As we approach the cooler months the temperatures drop, nights get longer and sneezes, sniffles, coughs, sore throats and runny noses become rife. In New Zealand the cold and flu season starts about April and runs all through winter. From sunshine to essential oils and beyond, Red Seal’s naturopath Julie Fergusson has some ideas for keeping the winter lurgies at bay.
We are still learning about what makes our immune system strong. But generally it is colds and flu that often challenge us the most. Fundamentally, we know that these things can help keep our immune system stay strong: a healthy diet with plenty fresh fruit and vegetables, relaxation, hydration, exercise, a warm dry environment, lowered stress levels and a good mental attitude. But there are a few others that we can add to the list:
The sunshine vitamin
Many people are shunning the sun due to fear of melanoma and as a result the ‘sunshine vitamin’, vitamin D, has increasingly become a deficient in many people. The sun helps protect our immune system by stimulating the production of Vitamin D. Generally 5-15 minutes per day of sun exposure on bare skin will give us enough vitamin D, but many people lose out on the benefits because of limited sun exposure, sunscreen, old age, or deeply pigmented skin.
Vitamin D has also been linked to respiratory health. Good levels of vitamin D appear to reduce pulmonary inflammatory responses while helping innate defence mechanisms against respiratory invaders. Population-based analysis has showed a connection between circulating Vitamin D levels and lung function.
Symptoms of deficiency can increase risk of cardiovascular disease, impaired brain health in older adults, cause or worsen severe asthma in children, and has been linked to four different types of cancers. Researchers have also connected low levels of Vitamin D with achy joints.
- Vitamin D absorption needs fats in your diet. So those people on fat reducing diets or taking medication that change their cholesterol levels may being impairing their Vitamin D levels.
- Help your Vitamin D levels by including nuts, avocados, walnuts, flaxseeds, trout, tuna, herring, salmon, and egg yolk into a meal.
- Consider taking vitamin D supplement or cod liver oil.
- If you think you are vitamin D deficient a blood test can help determine your levels.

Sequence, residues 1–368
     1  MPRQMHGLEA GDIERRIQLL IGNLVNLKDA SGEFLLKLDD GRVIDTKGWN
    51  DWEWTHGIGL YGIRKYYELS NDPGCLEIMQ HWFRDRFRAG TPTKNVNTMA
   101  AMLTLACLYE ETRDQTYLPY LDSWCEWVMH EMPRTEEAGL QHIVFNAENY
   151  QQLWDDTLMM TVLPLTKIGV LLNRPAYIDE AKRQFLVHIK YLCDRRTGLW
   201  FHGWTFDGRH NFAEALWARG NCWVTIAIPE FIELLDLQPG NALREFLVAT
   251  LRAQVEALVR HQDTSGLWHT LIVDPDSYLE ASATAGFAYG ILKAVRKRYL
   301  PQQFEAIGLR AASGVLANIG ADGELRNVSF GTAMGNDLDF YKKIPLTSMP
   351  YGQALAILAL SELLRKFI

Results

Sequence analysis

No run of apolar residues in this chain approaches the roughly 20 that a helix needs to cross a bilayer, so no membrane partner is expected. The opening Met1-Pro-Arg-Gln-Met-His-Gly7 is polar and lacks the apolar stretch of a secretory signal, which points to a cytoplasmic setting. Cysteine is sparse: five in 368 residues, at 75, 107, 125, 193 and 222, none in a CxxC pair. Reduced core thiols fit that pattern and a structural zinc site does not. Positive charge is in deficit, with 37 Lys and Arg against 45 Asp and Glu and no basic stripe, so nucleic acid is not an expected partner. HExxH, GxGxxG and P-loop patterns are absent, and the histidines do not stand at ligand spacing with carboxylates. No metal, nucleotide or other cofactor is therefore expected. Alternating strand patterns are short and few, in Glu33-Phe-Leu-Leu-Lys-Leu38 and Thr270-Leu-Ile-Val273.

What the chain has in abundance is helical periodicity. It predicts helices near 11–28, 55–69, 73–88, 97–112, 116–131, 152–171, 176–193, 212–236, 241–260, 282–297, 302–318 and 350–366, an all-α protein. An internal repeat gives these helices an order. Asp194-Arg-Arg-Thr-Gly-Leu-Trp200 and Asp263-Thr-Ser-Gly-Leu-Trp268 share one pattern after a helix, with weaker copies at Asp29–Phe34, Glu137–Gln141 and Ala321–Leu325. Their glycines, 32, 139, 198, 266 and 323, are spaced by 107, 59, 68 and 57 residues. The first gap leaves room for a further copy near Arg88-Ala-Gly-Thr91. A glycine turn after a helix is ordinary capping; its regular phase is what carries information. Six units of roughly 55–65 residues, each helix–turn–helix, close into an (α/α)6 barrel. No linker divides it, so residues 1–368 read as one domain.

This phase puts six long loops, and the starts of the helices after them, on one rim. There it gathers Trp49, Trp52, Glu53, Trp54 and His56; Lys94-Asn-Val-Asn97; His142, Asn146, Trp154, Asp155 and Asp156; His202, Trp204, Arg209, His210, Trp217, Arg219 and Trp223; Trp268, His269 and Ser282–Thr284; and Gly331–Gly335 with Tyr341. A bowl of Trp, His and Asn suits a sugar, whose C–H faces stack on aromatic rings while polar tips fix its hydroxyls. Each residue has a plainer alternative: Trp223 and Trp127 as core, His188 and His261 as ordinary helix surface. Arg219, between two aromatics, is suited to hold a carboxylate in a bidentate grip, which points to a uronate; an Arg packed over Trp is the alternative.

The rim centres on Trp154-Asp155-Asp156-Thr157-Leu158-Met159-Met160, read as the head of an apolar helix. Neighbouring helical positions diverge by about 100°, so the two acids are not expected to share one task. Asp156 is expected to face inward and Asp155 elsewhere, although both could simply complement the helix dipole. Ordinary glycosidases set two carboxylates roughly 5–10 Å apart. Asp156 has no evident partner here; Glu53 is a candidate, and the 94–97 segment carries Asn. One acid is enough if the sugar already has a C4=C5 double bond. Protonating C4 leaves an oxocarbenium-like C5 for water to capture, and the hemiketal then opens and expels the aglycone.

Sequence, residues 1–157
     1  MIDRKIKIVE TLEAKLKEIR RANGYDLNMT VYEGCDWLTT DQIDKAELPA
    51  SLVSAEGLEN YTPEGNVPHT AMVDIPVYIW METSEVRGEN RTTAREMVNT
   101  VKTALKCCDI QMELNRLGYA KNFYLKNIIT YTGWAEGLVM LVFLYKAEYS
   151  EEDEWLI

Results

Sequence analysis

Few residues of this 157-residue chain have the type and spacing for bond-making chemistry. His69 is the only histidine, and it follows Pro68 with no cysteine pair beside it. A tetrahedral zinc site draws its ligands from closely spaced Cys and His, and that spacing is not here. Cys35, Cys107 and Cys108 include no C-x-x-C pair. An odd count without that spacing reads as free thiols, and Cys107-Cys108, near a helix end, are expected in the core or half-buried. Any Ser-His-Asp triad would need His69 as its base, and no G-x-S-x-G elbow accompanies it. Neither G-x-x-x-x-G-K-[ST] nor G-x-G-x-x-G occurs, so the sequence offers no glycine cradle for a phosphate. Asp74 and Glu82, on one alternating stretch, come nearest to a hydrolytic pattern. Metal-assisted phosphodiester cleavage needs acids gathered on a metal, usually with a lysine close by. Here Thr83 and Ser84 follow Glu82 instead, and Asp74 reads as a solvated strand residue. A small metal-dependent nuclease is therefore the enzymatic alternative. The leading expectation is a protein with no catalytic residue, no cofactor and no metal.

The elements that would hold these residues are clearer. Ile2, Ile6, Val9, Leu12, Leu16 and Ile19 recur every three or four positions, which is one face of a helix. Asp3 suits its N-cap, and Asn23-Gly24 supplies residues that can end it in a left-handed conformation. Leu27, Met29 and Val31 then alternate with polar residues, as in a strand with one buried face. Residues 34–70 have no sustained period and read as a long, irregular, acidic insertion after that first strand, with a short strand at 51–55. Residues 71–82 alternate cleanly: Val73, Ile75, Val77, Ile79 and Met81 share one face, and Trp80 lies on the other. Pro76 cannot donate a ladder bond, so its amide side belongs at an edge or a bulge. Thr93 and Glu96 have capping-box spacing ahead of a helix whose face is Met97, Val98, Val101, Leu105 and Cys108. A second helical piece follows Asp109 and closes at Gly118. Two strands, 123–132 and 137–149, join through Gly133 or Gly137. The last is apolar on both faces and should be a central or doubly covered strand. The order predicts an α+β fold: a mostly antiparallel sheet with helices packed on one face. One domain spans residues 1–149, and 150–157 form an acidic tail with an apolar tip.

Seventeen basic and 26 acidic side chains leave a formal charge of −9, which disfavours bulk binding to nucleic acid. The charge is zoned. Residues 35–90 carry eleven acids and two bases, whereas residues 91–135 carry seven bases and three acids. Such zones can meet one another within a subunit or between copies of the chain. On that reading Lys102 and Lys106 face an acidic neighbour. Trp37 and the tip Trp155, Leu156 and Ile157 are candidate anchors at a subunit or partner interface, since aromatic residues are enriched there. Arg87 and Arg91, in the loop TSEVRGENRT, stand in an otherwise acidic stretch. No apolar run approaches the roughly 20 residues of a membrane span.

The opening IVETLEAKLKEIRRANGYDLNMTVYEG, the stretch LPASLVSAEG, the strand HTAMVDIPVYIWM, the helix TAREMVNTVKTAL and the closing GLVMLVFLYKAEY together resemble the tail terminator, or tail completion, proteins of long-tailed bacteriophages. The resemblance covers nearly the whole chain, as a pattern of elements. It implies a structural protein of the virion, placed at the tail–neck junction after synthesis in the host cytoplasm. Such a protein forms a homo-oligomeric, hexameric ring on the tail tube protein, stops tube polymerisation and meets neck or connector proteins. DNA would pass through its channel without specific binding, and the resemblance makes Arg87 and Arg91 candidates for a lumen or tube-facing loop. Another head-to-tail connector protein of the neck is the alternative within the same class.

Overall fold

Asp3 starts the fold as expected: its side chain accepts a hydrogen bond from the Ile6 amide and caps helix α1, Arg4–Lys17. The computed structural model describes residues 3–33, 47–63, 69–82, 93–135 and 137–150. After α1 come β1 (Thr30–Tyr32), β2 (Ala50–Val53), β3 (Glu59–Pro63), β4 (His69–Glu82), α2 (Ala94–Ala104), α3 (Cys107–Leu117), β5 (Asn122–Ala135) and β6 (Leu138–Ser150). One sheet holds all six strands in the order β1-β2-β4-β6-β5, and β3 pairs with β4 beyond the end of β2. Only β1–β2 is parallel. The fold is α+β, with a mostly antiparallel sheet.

For more tips for achieving the best night’s sleep, click here .
The On/Off Switch
Proper sleep is fundamental to a healthy lifestyle. Sleep is like an on/off switch that helps us to reboot, rebuild and rebalance on a daily basis. When we fail to get enough sleep our body is not able to function well and we have lowered overall immunity.
If you are not sleeping well or getting inadequate sleep then you have to ask why. Is your sleeping environment suitable? Are you drinking too much caffeine? Are you stressed?
Many people refuse to listen to their body, stop and rest and give time to recuperate while sick. Sleep loss not only plays a role in whether we come down with a cold or flu, but also influences how we fight illnesses once we come down with them. Sleep is vital to our healing process and that is why sleep is one of best healing things that we can do when we are sick.
- Make sure the room where sleep is completely dark
- Get to bed in plenty of time
- Have a bath before bed time
- Listen to relaxing music or mediation to help you sleep
- A magnesium supplement can help you relax and prepare for sleep
- Herbs such as Passionflower, Valerian, Chamomile and Skullcap can help the body relax and prepare for sleep so make a good night tea before bed
- Tart Cherry can also help stimulate the production of Melatonin the hormone that controls sleep
- There are numerous medications that have side effects that include insomnia, so it is a good idea to check your medication if you are having problems sleeping
The power of essential oils
In winter we are inevitably spending more time inside in closer contact with people who are sick and the cold and flu virus lingers around on well-touched surfaces like door handles and light switches. Essential oils have been used for centuries to fight the symptoms of the common cold. You can add them to your bath water, diffuse them in the air or even apply them directly to your skin. Adding a few drops to a spray bottle to help wipe handles and light switches can help keep your room bacterial and virus free.
Tip: If you do have a cold or flu try adding a couple of drops on a tissue and sniff periodically to help ease breathing, a few drops in hot water for steam inhalation to help blocked sinuses, or in a bath to help relaxation and recovery. Below are a few favourites to help with the cold and flu season:
Tea Tree oil: It serves as a killer of all types of infections: viral, bacterial, and fungal. It can be used to clear up sinus infections and other respiratory ailments including runny nose, cough and sore throat.
Lavender: It can be used for pain relief, easing muscle cramps and headaches as well as an antiseptic to treat infections.
Peppermint: This is a natural pain reliever and kills viral infections. It can clear chest congestion when steam inhaled or mixed in a chest rub.
Eucalyptus : is known to clear up mucus in the lungs and heal the throat and nasal passages. Eucalyptus is a strong antiseptic and can be used on wounds or as a germ-killing sanitizer.
Lemon Myrtle : More powerful than tea tree, it is one of the most antiseptic, antiviral, antifungal of the Australian essential oils and is helpful with colds, flus and chest congestions. Ideal as a room spray or and a few drops can help in cleaning surfaces.
For more from Julie Fergusson and Red Seal, visit redseal.co.nz/category/blog/